Over a third of the total number of patients (37.77%) received concomitant benzodiazepine treatment. Although not statistically significant, we did notice that in the SGA-LAI group, the percentage was lower than the FGA-LAI group (28.2% versus 47.36%). Most often prescribed among all groups were diazepam and lorazepam. A similar cross-sectional study investigated the use of benzodiazepines among long-term hospitalized schizophrenia patients. The research found that 6.6% of the schizophrenia patients received regular long-term BZD treatment and 2.5% were prescribed BZDs as needed. Most prescribed BZDs were lorazepam, diazepam, clonazepam, and temazepam. The same research reported only four patients on LAI formulations, but the authors did not specify which type and dose and did not further analyze differences in the oral versus LAI subgroups [53]. Although authors support the role of adjunctive benzodiazepine treatment as beneficial in schizophrenia patients [16,17], a meta-analysis clearly points out that there is no evidence of improvement in psychotic symptoms by adding benzodiazepine medication in schizophrenia [54]. Another review showed improvement only in the first 30 min after the association of BZD to anantipsychotic, while sedation as a desired effect was significant in the first 30 and 60 min evaluations. This might lead to the conclusion that BZDs are only suitable in the acute management of psychotic episodes [55]. Of note, BZD use might generate significant side effects, such as cognitive impairment [56], abuse and dependence [57], and increased mortality risk [22].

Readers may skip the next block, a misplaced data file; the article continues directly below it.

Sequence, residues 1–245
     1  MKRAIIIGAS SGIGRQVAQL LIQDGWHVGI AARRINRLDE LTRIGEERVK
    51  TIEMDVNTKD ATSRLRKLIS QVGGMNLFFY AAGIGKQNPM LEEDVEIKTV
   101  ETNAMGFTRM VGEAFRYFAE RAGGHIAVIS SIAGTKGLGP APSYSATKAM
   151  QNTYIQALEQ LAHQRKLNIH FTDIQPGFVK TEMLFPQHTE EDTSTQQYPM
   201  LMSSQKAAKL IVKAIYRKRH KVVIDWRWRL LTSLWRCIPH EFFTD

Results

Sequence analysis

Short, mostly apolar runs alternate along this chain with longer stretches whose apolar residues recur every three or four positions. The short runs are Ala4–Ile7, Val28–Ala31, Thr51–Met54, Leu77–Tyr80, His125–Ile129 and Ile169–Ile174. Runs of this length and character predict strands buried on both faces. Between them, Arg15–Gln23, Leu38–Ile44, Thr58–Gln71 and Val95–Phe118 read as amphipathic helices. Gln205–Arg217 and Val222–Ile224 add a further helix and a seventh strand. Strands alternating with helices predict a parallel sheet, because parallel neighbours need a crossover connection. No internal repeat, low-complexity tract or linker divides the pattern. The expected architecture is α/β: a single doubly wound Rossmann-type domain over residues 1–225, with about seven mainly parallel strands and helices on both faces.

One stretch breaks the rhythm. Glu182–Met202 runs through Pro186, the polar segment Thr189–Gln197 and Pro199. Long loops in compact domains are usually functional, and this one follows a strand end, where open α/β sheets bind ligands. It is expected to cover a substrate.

A question arises: “Why add mood stabilizers and/or benzodiazepines in the maintenance treatment for schizophrenia?” It is a known fact that multi-drug regimens generate lower adherence rates [58]. A possible answer could be that antipsychotics are ineffective in controlling all symptoms of the disease. Some authors suggest that antipsychotic monotherapy is indeed insufficient for up to 20% of patients with schizophrenia [13]. A recent study shows that valproate is used in patients with schizophrenia to treat affective symptoms (62%), disease-refractory symptoms (10%), aggression (6%), seizures (as prevention in those treated with clozapine—6%, or as treatment—6%), or with unclear reasons (16%) [49].
Another reason could be that antipsychotics are improperly dosed. Our results did not show dosages lower than 95% of the effective dose in the study group [59] and furthermore, with the exception of paliperidone, no statistically significant difference was found between mean doses of SGA-LAI compared to their oral correspondents, so in our case, this hypothesis is not valid. The equivalent dose of chlorpromazine in our study was the highest with quetiapine, which is most likely explained by the dose-effect relationship and the 600–800 mg recommendations shown to be effective with quetiapine [60].
The need for concomitant treatment could be explained by treatment-resistant schizophrenia. The literature shows that up to 30% of patients may have treatment-resistant schizophrenia [45]. In our study, a total of 66 patients were treated with clozapine (20.95%), 53 of which (16.82%) had only clozapine as antipsychotic treatment, while 13 (4.12%) had combined treatment (clozapine and another antipsychotic). Three patients had a clozapine dose under 100 mg/day, in which case we can assume that it was used for reasons other than as an antipsychotic, for instance as a hypnotic [61]. Assuming that all patients treated with clozapine have treatment-resistant schizophrenia, their percentage is still lower than reported by the literature. Therefore, we consider that at least a part of the patients that were co-treated with mood stabilizers and/or benzodiazepines might in fact have treatment-resistant schizophrenia.